The IncubATR provides the right atmosphere for cells to thrive while a user's FTIR spectroscope takes measurements periodically and rapidly, tracking changes almost in real time. For example, toxicologists could tell within a few minutes how live cells respond to nanomaterials. And researchers could learn how hormones affect cancer cells almost as it happens. In addition, the instrument keeps the cells in the same position for the whole experiment, key to acquiring reliable and reproducible data. "FTIR is such a useful tool in research, especially for rapid screening, and living cells have been left out," said Sundaram. "This is the first instrument that successfully combines FTIR and incubators. We hope it will change the way live cells are studied in labs everywhere."
Point, click and find radiation sources
Like Star Trek's tricorder, the GammaTracker is a rugged, portable device that points the user in the direction of the mystery source being detected. It also reveals the mystery. Designed for security personnel, the handheld device correctly distinguishes different radioactive elements and where the radiation is coming from -- perfect for when a suspect is hiding in a throng of people.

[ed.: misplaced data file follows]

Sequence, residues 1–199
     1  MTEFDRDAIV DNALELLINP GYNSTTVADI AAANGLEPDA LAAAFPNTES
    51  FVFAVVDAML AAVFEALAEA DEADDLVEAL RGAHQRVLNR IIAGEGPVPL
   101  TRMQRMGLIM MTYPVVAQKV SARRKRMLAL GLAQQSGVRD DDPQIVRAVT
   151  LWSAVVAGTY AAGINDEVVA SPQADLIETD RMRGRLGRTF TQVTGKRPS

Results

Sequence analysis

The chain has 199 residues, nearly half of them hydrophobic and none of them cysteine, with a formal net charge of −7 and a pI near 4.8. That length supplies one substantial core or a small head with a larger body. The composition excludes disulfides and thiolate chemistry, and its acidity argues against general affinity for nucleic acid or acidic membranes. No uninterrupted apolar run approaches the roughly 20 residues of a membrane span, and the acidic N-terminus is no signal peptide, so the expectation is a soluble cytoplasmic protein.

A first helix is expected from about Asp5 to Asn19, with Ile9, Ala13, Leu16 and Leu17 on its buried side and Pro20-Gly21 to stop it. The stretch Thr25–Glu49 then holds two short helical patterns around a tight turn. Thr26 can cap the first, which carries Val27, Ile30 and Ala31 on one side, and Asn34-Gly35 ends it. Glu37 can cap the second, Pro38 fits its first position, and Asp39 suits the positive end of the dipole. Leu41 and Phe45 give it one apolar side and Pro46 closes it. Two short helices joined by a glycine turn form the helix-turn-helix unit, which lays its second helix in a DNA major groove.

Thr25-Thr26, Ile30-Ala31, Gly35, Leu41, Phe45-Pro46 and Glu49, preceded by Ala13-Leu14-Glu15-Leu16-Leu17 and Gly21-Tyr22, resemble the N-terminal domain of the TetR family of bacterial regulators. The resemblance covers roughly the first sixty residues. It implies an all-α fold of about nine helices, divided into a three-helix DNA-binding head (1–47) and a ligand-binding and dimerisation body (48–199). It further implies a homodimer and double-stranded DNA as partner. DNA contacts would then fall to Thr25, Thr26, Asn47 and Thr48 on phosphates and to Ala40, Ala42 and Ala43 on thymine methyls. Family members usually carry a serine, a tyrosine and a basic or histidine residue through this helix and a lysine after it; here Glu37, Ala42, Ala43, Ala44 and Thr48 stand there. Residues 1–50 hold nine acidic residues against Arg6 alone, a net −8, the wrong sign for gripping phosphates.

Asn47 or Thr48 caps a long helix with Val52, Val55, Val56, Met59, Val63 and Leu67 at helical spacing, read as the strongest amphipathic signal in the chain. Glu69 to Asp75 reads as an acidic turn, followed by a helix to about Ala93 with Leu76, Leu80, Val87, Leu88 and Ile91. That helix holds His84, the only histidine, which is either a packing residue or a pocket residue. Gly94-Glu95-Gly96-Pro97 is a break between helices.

Conventional instruments that can distinguish between plutonium used in weapons and iodine used in medical procedures are too cumbersome to be inconspicuous or to route through a crowd, and handheld devices aren't accurate enough. Hailing from PNNL, the National Nuclear Security Administration's Kansas City Plant, and the University of Michigan, developers of the GammaTracker combined portability and accuracy. With the shoebox-sized device, screeners tracking rad
|Contact: Mary Beckman|
DOE/Pacific Northwest National Laboratory